By Helen Jiang and Scott Terwilliger
Beth Ann Balalaos balanced on a ladder, shoving a striped yellow inflatable between the beams in the ceiling. The Access and Inclusion Manager at Long Island Children’s Museum in Garden City prepared for the arrival of nearly 750 visitors at 6 p.m.
Kids at the Long Island Children’s Museum were busy with their crafts. Highlighters moved across egg-shaped construction paper and glitter sprinkled onto the table as kids with facepaint eyed their projects intently.
“We mix up the activities,” Aimee Terzulli, the director of education and visitor experience at the Long Island Children’s Museum, said. “There’s things you can wear, you can make necklaces, you can make centerpieces.”
Easter, which will be held on April 21 this year, originates as a Christian holiday, and celebrates the resurrection of Jesus Christ.
“Easter is really the most significant holiday on the Christian calendar,” Reverend Joseph Garofalo of the Island Christian Church said. “We wouldn’t have a Christian faith if it had not been Jesus who acted as a sacrifice so that our sins could be paid for.”
This Easter celebration comes as a recent analysis by political scientist Ryan Burge shows that nearly one in four Americans claim no religion. There are approximately 677,000 Catholic people in Nassau County according to most recent 2010 data from the Association of Religious Data Archives, an organization founded in 1997 currently operating at Pennsylvania State University. The data updates every ten years. The number of members of the Christian Church dropped by nearly 40 percent between 1990 and 2010.
“That’s the biggest trend I see going forward,” Ryan Burge, a political scientist at Eastern Illinois University and a Pastor at First Baptist Church, IL, said. His analysis found that 23.1% of Americans now claim no religion, and Burge said that number is likely to continue growing as people move to the disaffiliated category when it comes to religion.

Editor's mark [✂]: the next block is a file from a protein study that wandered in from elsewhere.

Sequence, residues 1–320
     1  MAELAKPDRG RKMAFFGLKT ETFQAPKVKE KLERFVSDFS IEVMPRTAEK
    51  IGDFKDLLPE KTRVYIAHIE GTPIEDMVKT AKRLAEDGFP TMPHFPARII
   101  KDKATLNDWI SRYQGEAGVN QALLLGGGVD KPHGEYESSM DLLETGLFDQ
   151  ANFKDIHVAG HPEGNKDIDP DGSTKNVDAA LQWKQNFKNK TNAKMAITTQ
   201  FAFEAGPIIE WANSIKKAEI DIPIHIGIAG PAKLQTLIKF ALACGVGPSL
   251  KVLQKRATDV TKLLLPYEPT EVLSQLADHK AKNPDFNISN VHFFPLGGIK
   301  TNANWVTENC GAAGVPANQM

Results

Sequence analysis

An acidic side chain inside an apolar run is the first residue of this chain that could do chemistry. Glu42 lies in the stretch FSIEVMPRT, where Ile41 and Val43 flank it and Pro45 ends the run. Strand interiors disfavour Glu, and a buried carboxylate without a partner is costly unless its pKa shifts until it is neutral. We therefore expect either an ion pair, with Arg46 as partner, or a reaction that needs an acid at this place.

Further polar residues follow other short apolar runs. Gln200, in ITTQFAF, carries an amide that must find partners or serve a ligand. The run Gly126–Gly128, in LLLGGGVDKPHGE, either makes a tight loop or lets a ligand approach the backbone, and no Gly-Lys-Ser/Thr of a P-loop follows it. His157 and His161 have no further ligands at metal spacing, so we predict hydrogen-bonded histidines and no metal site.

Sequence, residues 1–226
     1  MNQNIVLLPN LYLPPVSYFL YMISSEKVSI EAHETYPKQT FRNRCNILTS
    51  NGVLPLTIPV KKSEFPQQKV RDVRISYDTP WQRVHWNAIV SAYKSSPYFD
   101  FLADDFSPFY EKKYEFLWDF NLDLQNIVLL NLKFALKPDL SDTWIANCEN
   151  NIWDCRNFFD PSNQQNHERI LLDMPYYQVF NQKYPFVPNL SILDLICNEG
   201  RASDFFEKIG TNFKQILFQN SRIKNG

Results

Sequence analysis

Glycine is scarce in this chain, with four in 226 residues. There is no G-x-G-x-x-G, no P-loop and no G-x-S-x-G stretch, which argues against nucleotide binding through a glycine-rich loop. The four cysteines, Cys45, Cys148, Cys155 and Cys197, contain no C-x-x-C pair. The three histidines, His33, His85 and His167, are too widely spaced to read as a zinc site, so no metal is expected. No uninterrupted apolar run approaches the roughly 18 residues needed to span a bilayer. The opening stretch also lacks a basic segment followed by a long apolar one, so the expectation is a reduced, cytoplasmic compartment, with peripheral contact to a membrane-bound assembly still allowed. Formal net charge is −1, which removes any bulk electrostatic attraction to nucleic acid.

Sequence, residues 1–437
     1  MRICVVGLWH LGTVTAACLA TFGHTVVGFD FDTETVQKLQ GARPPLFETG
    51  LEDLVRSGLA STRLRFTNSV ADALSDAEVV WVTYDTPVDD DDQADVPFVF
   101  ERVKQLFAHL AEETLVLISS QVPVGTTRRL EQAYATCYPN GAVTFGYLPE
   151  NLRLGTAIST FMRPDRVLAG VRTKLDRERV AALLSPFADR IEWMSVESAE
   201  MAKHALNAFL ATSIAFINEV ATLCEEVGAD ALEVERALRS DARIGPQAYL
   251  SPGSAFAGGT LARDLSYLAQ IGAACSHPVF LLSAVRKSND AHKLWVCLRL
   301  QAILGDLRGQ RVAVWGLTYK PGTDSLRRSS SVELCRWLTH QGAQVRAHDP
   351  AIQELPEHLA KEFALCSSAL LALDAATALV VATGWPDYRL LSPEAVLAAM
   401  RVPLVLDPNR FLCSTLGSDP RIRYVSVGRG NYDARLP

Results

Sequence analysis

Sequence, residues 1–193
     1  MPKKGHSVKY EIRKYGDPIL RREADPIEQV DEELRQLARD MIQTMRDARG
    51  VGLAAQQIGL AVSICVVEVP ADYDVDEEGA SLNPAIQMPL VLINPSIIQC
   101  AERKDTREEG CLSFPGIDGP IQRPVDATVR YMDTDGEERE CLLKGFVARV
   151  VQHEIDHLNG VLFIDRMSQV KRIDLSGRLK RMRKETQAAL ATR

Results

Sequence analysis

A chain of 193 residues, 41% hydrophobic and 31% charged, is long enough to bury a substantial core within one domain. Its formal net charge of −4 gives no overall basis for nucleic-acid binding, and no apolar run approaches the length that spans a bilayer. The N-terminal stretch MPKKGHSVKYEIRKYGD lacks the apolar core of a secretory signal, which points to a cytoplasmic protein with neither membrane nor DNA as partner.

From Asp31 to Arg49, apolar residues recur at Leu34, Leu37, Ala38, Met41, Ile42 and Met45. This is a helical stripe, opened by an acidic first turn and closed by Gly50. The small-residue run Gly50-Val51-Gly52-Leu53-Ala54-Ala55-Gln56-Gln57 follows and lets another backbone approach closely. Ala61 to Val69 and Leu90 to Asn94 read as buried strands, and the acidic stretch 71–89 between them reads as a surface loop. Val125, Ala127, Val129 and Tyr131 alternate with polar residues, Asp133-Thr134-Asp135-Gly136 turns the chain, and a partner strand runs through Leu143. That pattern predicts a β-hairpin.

“We actually want communities learning from each other,” Aimee Terzulli, the director of education and visitor experience at the Long Island Children’s Museum, said. “Even if it’s a holiday they may not celebrate, they might come and see some things that other families might do on Long Island.”
Some Christian parents brought their children to the event. Melinda Edwards, a devout Episcopalian who was there was with her son, said that Easter as a holiday is “what Christianity is based off of.”
“He [her son] has his little kids’ bible, and he knows a lot about his religion,” Edwards, of Queens, said.
“What we want to be able to create is an opportunity for families to have the chance to get together, maybe with friends or cousins, and have a holiday celebration.” Maureen Mangan, director of communications, said.
The impact of religion in people daily lives has changed, Burge said. “We sort of lost the middle, which is the people who are marginally attached,” Burge added. “Those people have fallen away; they don’t go to Church at all anymore.”
Some scholars argue that the statistics don’t necessarily represent the general picture.
“More people check no religion on their census,” Dr. Peter Bedford, the program director of religious studies at Union College in upstate New York, said. “But no religion doesn’t necessarily mean not religious. They’re trying to discover things on their own or sometimes a new kind of religious movement.”
“That kind of autonomy or independence is a feature of our current scene or the modern world.”